Vendors take Ethernet to the next level

Several vendors last week announced or displayed upcoming products aimed at boosting Ethernet speeds tenfold in enterprise and service provider networks.

Though some of the 10 Gigabit Ethernet products previewed at NetWorld+Interop 2001 are anywhere from six months to a year away from delivery, they could be used to boost bandwidth across campus backbones and to support applications such as storage access over IP (Internet protocol).

Nortel Networks Corp. announced a two-port 10 Gigabit Ethernet module for its Passport 8600 switch intended primarily for metro-area service provider networks. The module will be available in early 2002, with pricing to be determined later this year.

The only vendor to announce pricing information on 10 Gigabit so far has been Foundry Networks Inc., with its single-port blade, which starts at US$45,000. Nortel officials indicated that this price will likely be the average for most vendors' entry-level products.

Nortel expects such high prices to scare off most enterprise customers.

"If you're a vendor trying to sell 10 Gigabit to an enterprise, and the customer sees a $50,000 interface, they're going to think you have rocks in your head," said Phil Edholm, chief technology officer for Nortel's Enterprise Solutions group, comparing 10 Gigabit Ethernet to where Gigabit Ethernet was in 1997 - almost non-existent in enterprises.

Hewlett-Packard is also getting into the 10 Gigabit Ethernet act. The company displayed a 10G bit/sec network interface card at its booth for its high-end HP 9000 N-class Unix server. The NIC, which is a year away from release, is being developed by Nortel's optical components group specifically for HP. The card supports optical connections ranging from 300 meters to 40 kilometers.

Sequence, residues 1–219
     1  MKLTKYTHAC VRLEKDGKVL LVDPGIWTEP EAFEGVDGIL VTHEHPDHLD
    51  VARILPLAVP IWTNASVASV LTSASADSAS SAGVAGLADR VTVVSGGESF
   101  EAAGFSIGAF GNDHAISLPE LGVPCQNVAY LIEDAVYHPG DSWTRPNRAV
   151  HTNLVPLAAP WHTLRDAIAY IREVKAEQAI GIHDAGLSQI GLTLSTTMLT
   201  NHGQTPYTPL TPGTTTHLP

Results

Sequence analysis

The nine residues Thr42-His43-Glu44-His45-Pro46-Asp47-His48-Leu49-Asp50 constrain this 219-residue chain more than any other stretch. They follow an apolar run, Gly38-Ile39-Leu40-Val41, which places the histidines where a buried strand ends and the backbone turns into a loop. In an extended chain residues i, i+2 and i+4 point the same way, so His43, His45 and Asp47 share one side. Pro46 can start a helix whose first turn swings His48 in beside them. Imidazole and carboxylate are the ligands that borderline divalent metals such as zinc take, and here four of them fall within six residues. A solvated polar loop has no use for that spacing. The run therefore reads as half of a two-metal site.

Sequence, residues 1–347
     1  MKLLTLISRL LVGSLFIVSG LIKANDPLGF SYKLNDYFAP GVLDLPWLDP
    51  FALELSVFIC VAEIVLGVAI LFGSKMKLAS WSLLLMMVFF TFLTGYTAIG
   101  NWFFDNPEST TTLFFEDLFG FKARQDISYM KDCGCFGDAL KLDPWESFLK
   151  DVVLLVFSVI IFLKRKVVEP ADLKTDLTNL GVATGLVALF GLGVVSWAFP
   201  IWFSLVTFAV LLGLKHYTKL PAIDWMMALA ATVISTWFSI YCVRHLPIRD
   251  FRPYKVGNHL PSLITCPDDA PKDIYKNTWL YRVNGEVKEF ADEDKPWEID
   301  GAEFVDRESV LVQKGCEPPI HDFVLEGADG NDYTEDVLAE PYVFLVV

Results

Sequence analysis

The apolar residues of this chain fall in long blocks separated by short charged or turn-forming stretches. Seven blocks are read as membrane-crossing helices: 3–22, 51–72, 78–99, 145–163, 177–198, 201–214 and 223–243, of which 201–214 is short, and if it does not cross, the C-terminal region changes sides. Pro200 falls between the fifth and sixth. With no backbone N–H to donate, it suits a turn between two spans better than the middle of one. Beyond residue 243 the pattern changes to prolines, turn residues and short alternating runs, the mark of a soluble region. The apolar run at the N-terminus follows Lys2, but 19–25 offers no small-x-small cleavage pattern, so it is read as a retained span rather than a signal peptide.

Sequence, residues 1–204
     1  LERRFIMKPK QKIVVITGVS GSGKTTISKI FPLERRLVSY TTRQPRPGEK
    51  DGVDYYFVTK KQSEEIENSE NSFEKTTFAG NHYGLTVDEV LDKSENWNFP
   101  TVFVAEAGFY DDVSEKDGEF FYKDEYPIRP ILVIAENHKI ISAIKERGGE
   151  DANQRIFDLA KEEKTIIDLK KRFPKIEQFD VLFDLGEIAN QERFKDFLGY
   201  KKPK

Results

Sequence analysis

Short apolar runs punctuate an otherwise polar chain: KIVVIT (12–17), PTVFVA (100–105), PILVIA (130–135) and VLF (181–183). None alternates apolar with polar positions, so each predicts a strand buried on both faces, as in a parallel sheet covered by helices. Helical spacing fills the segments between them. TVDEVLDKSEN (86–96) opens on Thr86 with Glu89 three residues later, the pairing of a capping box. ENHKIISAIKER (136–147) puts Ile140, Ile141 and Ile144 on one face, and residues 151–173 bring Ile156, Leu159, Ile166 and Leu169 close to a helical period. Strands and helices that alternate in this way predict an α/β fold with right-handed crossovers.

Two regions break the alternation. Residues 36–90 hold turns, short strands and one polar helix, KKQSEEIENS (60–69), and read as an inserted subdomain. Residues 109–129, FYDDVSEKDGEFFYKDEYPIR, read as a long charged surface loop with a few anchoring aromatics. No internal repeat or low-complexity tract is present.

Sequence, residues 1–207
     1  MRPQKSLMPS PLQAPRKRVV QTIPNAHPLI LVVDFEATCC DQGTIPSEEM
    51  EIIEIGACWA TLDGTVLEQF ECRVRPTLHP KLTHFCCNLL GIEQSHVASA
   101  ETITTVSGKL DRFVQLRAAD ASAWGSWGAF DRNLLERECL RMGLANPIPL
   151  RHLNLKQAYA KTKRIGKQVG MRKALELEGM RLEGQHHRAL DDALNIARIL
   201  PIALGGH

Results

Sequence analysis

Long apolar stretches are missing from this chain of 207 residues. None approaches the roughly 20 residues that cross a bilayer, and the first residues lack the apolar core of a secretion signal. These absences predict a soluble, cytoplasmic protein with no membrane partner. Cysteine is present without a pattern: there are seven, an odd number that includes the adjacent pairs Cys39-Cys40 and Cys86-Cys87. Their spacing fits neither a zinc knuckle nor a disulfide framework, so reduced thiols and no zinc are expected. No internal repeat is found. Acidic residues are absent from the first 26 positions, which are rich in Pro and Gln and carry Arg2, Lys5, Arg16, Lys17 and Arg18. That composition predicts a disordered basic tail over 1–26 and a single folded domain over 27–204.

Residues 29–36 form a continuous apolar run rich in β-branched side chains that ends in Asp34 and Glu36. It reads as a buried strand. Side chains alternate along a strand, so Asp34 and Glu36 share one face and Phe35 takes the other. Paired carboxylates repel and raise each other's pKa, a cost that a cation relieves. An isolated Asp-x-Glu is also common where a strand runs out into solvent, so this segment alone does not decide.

Target applications include Web servers attached to large optical Internet pipes. The card could also be used in an enterprise data center to attach an HP 9000 to a 10 Gigabit switch that aggregates Gigabit Ethernet uplinks from wiring closets. Very high-speed server-to-server data backup is another possible use.

The new NIC caught the eye of several show attendees, including Glen Dasmalchi, director of engineering at Chelsio Communications, a start-up that develops TCP/IP acceleration products. He said he could see using such a product for large Web servers that receive an enormous amount of hits per day.

Also at the show, Cisco had an OSR 7600 optical switch on display at its booth outfitted with a single-port 10 Gigabit module. A Cisco product manager said the blade could be used by metro-area network providers for aggregating Gigabit links to Ethernet WAN subscribers. The blade could also be used for accessing data from a storage-area network via IP in an enterprise. Release of the module is between four and six months away according to Cisco, with pricing to be determined at release time.

The company showed a Catalyst 6500 fitted with 10 Gigabith Ethernet technology earlier this year.

One Interop attendee said he anticipates the proliferation of 10 Gigabit, but isn't interested until interoperability is proven among vendors.

"They're still a year away from [ratifying] the standard," for 10 Gigabit Ethernet, said David Brock, an independent network consultant. "I only work with standards-based products."

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